Microbes can help with food production

Peas, chick beans. and broad beans in Luke's laboratory. Photo: Luke

Globally, food production is challenged by both climate change and population growth. There is less and less arable land, but there is a growing need for safe and healthy food.

Natural Resources Institute Finland (Luke) and its partners are looking at microbes to find sustainable solutions for different stages of food production in an EU-funded project.

Microbes offer various benefits to the production of food and feed and also to farming and the processing of side streams. These benefits are the focus of the international, five-year project SIMBA (Sustainable Innovation of Microbiome Applications in Food System) coordinated by Luke, the last year of which is under way.

The SIMBA project studies how microbes can promote the growth and quality of field crops and algae. The project also studies how microbes help produce healthier and more easily digestible food and fish feed.

The foundation is old. Microbes have been brought to the fields throughout the ages with nutrients such as manure, and foods such as yogurt, bread and sauerkraut have been prepared with the help of microbes by fermentation. The SIMBA project focuses on finding out which microbiomes, or microbial mixtures, are best suited for each purpose and how they should be manufactured and used. At the same time, researchers are looking for new, sustainable ways to use microbes in both farming and food production.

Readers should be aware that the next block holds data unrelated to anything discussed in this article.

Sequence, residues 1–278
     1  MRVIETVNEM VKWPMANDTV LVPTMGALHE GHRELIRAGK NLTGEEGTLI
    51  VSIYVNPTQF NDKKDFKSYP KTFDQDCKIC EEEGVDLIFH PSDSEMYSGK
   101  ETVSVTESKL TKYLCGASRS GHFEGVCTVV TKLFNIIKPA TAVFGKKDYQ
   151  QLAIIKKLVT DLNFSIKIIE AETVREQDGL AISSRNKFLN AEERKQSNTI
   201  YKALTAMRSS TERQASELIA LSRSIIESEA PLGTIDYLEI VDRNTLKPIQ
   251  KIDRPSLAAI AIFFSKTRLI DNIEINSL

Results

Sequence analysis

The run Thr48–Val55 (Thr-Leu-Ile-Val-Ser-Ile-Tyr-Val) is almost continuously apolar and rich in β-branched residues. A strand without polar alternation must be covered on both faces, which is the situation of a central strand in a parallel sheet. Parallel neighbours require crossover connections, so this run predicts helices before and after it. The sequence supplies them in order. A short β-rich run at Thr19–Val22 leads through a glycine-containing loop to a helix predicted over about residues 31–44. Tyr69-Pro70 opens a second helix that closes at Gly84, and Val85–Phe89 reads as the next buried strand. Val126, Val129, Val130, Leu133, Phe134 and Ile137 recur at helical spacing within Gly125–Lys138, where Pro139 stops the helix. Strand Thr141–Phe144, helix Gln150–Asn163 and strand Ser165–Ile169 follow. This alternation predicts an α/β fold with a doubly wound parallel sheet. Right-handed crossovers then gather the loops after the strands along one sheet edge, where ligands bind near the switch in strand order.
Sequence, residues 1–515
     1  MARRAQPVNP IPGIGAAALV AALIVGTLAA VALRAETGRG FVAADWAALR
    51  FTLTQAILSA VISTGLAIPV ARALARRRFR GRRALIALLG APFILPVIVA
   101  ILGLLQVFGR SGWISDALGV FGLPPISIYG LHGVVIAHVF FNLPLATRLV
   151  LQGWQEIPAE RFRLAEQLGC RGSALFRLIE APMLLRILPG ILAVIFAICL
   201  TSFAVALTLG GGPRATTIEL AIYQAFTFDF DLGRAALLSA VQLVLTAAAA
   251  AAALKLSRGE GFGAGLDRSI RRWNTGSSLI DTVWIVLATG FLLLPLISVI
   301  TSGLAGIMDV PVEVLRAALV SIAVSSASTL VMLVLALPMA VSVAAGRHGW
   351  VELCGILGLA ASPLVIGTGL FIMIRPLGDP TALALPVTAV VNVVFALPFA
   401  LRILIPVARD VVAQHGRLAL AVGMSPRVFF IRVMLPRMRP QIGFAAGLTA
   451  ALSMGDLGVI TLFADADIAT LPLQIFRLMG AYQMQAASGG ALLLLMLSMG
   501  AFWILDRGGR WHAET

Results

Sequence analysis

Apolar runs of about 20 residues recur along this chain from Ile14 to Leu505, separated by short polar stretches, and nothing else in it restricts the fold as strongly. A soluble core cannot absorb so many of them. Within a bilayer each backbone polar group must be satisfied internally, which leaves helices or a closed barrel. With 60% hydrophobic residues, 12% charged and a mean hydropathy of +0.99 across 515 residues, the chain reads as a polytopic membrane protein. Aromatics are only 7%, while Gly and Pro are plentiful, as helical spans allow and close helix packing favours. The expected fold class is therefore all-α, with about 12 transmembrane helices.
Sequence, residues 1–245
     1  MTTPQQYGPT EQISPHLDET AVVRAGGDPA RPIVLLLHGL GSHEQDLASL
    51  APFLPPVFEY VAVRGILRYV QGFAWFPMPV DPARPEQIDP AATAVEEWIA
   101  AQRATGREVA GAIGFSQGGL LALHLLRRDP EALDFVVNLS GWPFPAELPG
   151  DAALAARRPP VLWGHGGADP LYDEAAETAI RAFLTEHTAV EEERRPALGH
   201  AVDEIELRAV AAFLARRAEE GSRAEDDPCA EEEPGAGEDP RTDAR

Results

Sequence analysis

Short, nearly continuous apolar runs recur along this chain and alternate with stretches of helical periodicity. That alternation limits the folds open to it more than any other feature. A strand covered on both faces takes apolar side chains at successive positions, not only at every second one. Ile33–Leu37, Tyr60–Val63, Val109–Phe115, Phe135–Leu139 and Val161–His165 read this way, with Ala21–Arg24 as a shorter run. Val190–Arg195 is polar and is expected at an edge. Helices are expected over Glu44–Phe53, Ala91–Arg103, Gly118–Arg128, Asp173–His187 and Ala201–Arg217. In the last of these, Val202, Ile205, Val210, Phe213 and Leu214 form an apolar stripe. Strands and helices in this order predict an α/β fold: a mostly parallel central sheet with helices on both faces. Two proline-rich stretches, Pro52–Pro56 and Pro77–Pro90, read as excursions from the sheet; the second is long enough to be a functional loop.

“At best, the use of microbes could revolutionize farming. For example, if potatoes could be grown in salty soil, it would mean that seawater could be used for irrigation in areas that are currently unsuitable for cultivation. We are also working on this in the project,” said Anne Pihlanto, principal scientist at Luke, who is coordinating the project.

Pihlanto notes the value chain of fish farming to be a good example of a flexible division of labour in a large international research project.

“We, at Luke, took the task to utilise recycled raw materials in feed development, while our partner started to develop fish feed by fermenting side streams of the food industry. Our experts, in turn, study the effects of the feed on fish growth and health at Luke’s experimental facility.”

Finally, life cycle assessment experts at Luke evaluate the sustainability of the entire value chain and compare it to the sustainability of fish feeds containing soy.

“It is interesting to compare not only the environmental effects but also the social impact that the use of soy and side streams have, starting with the working conditions of the farmers.”

Easily digestible foods from broad beans and lentils

Luke’s food scientists chose excellent sources of protein as raw materials for food development: broad beans, peas and lentils. These all contain antinutrients, i.e. substances that impair the absorption of nutrients, and also harmful substances that cause, for example, stomach upsets for some eaters.

“We aim to reduce the amount of harmful substances by fermenting raw materials with different strains of lactic acid and propionic acid bacteria. We also combined raw materials with oats and developed various preparations such as raw porridge and yogurt,” Pihlanto says.

Luke’s researchers are currently evaluating the composition and digestibility of the foods they have developed, while one of Luke’s partners is focusing on scaling up the production.

“We have tested the taste in many stages. Surprisingly, the same bacterial strain can affect different raw materials in very different ways. The taste of one becomes clearly better, the other worse.”

Jim Cornall is editor of Future Food Today and publisher at Ayr Coastal Media. He is an award-winning writer, editor, photographer, broadcaster, designer and author. Contact Jim here.